The novel is divided into two parts. The introduction to the chapters propounds a number of riddles whose meanings are further developed as the narration continues. Chapters 2, 3 and 4 deal with suffering and the irrational pleasure of suffering.
See also, Fyodor Dostoevsky Criticism. The novella consists of "notes" on the philosophy and experiences of a retired, embittered recluse living in squalor in St. In creating the fictional author of the notes, who is commonly designated as the "underground man" by critics, Dostoevsky introduced the anti-hero into Russian fiction and firmly established the archetype of the outsider in world literature.
Yet the philosophical dimension of the novella is only one aspect of a work that also fuses sociology, psychology, and politics. In the course of his diatribe, the fictional author reveals many traits: Although he claims that his first-person, monologic notes are not written for anyone else, he nevertheless addresses an imaginary audience and anticipates its responses, thus giving the work the tenor of dialogue.
In "The Underground," the author attacks contemporary theories on the nature of humanity and refuses to submit to a life defined by laws of reason and science, which he equates with the incogitant passivity of a "piano-key.
The first incident described in "Apropos of the Wet Snow" is an ambiguous encounter with an army officer that the underground man interprets as a personal affront.
For two years the narrator plots a revenge that produces equally ambiguous results. The author then relates another story in which he intrudes upon a dinner party held by former schoolmates and proceeds to embarrass himself by insulting the others and flaunting his averred superior intelligence.
When the party subsides, the underground man follows his former schoolmates to a brothel, where he asserts his superiority over a prostitute, Liza also transliterated as Lisawhom he manipulates with a noble speech and a lofty offer of assistance.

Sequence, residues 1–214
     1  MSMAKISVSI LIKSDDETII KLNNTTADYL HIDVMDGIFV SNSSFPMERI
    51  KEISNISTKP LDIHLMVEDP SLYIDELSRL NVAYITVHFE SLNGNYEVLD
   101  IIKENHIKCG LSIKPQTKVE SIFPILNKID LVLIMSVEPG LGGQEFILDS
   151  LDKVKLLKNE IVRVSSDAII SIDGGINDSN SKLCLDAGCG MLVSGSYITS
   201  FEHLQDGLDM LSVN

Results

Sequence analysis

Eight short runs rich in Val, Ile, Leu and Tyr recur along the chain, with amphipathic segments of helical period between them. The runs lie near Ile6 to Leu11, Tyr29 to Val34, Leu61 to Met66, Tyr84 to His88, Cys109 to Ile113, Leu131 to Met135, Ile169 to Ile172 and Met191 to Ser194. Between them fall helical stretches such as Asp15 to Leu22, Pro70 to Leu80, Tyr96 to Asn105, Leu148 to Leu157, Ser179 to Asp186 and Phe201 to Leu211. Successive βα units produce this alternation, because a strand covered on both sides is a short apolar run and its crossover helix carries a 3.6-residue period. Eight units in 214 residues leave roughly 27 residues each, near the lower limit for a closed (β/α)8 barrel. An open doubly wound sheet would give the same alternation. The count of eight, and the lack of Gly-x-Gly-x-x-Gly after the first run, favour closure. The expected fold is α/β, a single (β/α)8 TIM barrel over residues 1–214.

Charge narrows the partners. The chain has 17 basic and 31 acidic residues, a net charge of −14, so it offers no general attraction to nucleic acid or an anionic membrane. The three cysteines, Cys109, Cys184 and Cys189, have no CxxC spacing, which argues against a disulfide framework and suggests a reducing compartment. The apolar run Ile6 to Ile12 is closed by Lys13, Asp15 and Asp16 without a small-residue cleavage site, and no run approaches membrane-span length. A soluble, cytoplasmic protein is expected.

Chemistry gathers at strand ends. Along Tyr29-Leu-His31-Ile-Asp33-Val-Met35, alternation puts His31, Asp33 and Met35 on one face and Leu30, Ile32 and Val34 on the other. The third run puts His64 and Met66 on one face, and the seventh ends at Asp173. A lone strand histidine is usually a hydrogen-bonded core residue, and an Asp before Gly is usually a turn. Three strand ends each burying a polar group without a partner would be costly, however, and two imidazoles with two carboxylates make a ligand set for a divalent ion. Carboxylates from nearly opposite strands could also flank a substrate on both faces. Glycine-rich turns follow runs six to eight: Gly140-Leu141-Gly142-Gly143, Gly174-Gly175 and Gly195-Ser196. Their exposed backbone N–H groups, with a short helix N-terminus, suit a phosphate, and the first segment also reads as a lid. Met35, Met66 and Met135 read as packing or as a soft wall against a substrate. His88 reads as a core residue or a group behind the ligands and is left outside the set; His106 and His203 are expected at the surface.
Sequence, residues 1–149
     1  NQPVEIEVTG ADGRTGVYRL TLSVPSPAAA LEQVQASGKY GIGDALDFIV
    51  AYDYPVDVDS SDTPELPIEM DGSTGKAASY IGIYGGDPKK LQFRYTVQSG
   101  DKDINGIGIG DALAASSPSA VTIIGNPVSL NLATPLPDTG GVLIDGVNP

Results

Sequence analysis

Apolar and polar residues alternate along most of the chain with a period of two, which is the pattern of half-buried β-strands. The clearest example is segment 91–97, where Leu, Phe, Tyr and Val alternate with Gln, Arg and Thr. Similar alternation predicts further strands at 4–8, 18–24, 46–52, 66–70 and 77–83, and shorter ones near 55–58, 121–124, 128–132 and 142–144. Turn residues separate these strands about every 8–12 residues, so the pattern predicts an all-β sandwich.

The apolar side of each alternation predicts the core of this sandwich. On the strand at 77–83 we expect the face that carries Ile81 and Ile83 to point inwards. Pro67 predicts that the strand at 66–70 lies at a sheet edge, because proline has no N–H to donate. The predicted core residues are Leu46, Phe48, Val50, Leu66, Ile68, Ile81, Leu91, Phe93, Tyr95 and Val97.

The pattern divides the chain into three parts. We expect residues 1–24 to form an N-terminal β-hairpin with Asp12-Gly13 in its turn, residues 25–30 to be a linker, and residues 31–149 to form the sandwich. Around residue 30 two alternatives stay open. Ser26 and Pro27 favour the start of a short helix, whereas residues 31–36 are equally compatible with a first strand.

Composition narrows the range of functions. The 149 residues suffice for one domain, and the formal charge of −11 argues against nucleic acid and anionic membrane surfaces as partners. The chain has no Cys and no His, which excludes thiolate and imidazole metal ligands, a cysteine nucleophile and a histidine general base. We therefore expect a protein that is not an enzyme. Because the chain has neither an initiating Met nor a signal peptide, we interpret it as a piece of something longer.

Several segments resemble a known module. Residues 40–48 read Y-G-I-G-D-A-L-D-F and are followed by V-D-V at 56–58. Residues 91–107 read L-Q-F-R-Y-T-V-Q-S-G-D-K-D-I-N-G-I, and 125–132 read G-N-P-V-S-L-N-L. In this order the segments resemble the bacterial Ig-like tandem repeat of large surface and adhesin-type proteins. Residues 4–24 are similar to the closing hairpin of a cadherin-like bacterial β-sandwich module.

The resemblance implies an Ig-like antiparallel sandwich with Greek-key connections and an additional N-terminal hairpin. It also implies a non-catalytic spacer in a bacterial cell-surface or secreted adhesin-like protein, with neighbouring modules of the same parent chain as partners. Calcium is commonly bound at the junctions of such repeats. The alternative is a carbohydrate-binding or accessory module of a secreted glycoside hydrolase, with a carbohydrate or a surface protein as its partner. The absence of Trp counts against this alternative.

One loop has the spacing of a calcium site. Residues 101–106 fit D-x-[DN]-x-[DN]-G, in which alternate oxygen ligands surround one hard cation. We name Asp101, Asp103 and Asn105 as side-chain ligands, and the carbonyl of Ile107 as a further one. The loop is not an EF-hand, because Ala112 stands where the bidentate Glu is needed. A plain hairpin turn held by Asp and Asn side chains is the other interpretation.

He is humiliated at having been exposed and is unable to accept her consoling love. Shortly thereafter the notes abruptly end, with the underground man purporting that he will write no more; a comment contradicted by the heretofore silent "editor" of the notes who closes the novella by adding that the underground man "could not help going on.
In What Is To be Done? The underground man, however, attacks this triumph of science and engineering as a symbol of the absence of spontaneity and freedom.
In Notes, critics have maintained, Dostoevsky showed the moral and psychological incompatibility of an autonomous personality and the purely deterministic world heralded by Chernyshevsky and other socialist radicals. The psychological aspects of the novella have also received close attention.
Scholars have termed Notes the self-revelation of a pathological personality diversely diagnosed as narcissistic, borderline psychotic, paranoid, compulsive, or repressed. Many have held that the novella disparages the narrow intellectualism and overrefined consciousness that Dostoevsky ascribed to Russians who were, in his estimation, contaminated by the corrupt rationalist trends of western European thought.
Still others have focused on the underground man as a social type representative of individuals unable to establish a bond with humanity: Notes has also been considered an argument for existential choice, and, similarly a protest against utilitarianism, materialism, and positivism. Critical Reception Notes from the Underground was a pivotal work for Dostoevsky for its inauguration of themes prominent in his later novels and its introduction of the acutely self-analytical, spiritually torn hero, who is a prototype for many other of his characters.
Chords previously unheard had been struck with admirable precision.
No other text by Dostoevsky has exerted more influence on twentieth-century thought or technique.A summary of Themes in Fyodor Dostoevsky's Notes from Underground. Learn exactly what happened in this chapter, scene, or section of Notes from Underground and what it means.
Perfect for acing essays, tests, and quizzes, as well as for writing lesson plans. Notes from Underground iv thoughts, loopholes, special pleadings; and admirable, too, for the dynamics of its composition, the interplay of its two parts, which represent two historical moments, two climates of opinion,“ ” as well as two images of the man from underground, revealed by different means and with very different tonalities.
Notes from Underground (pre-reform Russian: Записки изъ подполья; post-reform Russian: Записки из подполья, tr. Zapíski iz podpólʹya), also translated as Notes from the Underground or Letters from the Underworld, is an novella by Fyodor Dostoevsky. Dostoyevsky's Notes from the Underground: Contrasting Roles Essay Contrasting Roles: The Good and the Bad In Fydor Dostoyesky’s, Notes from the Underground, the relationship between an underground man and a young prostitute, Liza, depicts admirable and harsh qualities.
Franz Kafka’s The Metamorphosis and Fyodor Dostoevsky’s Notes from Underground definitely make an interesting comparison/contrast essay topic. When writing introductions, it is important to.
Notes from Underground iv thoughts, loopholes, special pleadings; and admirable, too, for the dynamics of its composition, the interplay of its two parts, which represent two historical moments, two climates of opinion,“ ” as well as two images of the man from underground, revealed by different means and with very different tonalities.